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PLE: Creating Products in Classified Environments

Paul Clements
By Paul Clements Vice President of Customer Success, BigLever Software

Aerospace and defense companies are faced with daunting security challenges as products become increasingly sophisticated. As product complexity grows—integrating thousands of software, electrical and mechanical parts—the security risks and organizational hurdles grow in tandem. One key issue these manufacturers face: how to design, produce and evolve a product line portfolio that contains both classified and unclassified product content in a way that meets stringent security requirements yet is highly efficient, cost effective and fully leverages personnel with varying security access privileges.

Traditional product-centric development approaches are too inefficient and costly to effectively address this multifaceted challenge. They also create big opportunities for human error which introduces risk. New approaches are needed to reduce complexity and security risks, increase engineering and operational efficiency, and lower production costs.

One such approach is feature-based product line engineering (PLE)—an engineering practice that simplifies the creation, delivery, maintenance, and evolution of a product line portfolio. It provides a unified product variant management approach and enables a holistic view into the feature variations for a product family, eliminating the need for different variant management mechanisms across an enterprise.

With feature-based PLE, an organization creates a “superset” of digital assets (requirements, code, tests, BOMs, documentation, etc.), which is shared across the entire product line. These digital assets are equipped with all the options offered in the product line. Feature-based PLE provides an automated production system that assembles and configures the shared assets based on a product’s Bill of Features, which defines the selected features for that product variation. Thus, features become the basis for product design, development and production—and the common language for everyone across the enterprise. Managing this superset (instead of the product-specific instances) dramatically streamlines and simplifies the engineering and operational processes for producing, delivering, and evolving the product line.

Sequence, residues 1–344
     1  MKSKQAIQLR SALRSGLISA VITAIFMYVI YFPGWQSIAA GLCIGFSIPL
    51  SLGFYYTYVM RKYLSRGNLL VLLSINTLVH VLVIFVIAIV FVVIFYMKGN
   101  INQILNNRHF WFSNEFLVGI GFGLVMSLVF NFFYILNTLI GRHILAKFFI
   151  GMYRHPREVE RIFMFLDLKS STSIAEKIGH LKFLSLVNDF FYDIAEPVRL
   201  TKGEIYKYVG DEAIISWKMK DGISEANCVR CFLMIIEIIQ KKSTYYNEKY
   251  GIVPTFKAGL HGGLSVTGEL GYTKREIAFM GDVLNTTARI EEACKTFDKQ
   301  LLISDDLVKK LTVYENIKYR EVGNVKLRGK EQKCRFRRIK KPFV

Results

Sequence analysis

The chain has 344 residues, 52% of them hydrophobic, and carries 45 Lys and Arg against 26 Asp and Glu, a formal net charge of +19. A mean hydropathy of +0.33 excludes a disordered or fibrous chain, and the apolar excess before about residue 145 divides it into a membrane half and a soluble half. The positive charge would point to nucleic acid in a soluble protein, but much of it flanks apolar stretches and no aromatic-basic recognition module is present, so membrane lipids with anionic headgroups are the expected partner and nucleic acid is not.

How does feature-based PLE work for a product line that contains classified and unclassified product content, where production spans multiple security zones and the manufacturer is operating under stringent security requirements?

There are three governing principles for handling classified information and product content:

  • Maintain all information/product content associated with different levels of classification on separate servers and in separate physical environments.

  • Allow information/product content to move from a lower classification level to higher, but not the other way around.

  • Work as much as possible in the unclassified environment. Evolution of the product line necessitates the evolution of both unclassified and classified product content, which must be synchronized. When new versions of the unclassified content are baselined, they are copied into the higher-level classification area. The unclassified content can then be merged with the classified content baseline, which itself has been evolving. The synchronization ensures the two baselines are compatible. As a result, the unclassified and classified parts, when combined, produce a consistent product line state from which correct products can be derived.

The needs of A&D firms have outgrown the limitations of product-centric development methods and tools. A&D manufacturers that adopt feature-based PLE are reporting order-of-magnitude improvements in efficiency, time-to-market, product line scalability and product quality. And, their customers are benefiting from dramatically reduced costs and shorter delivery times. The end result is increased competitive advantage in today’s security-critical marketplace.

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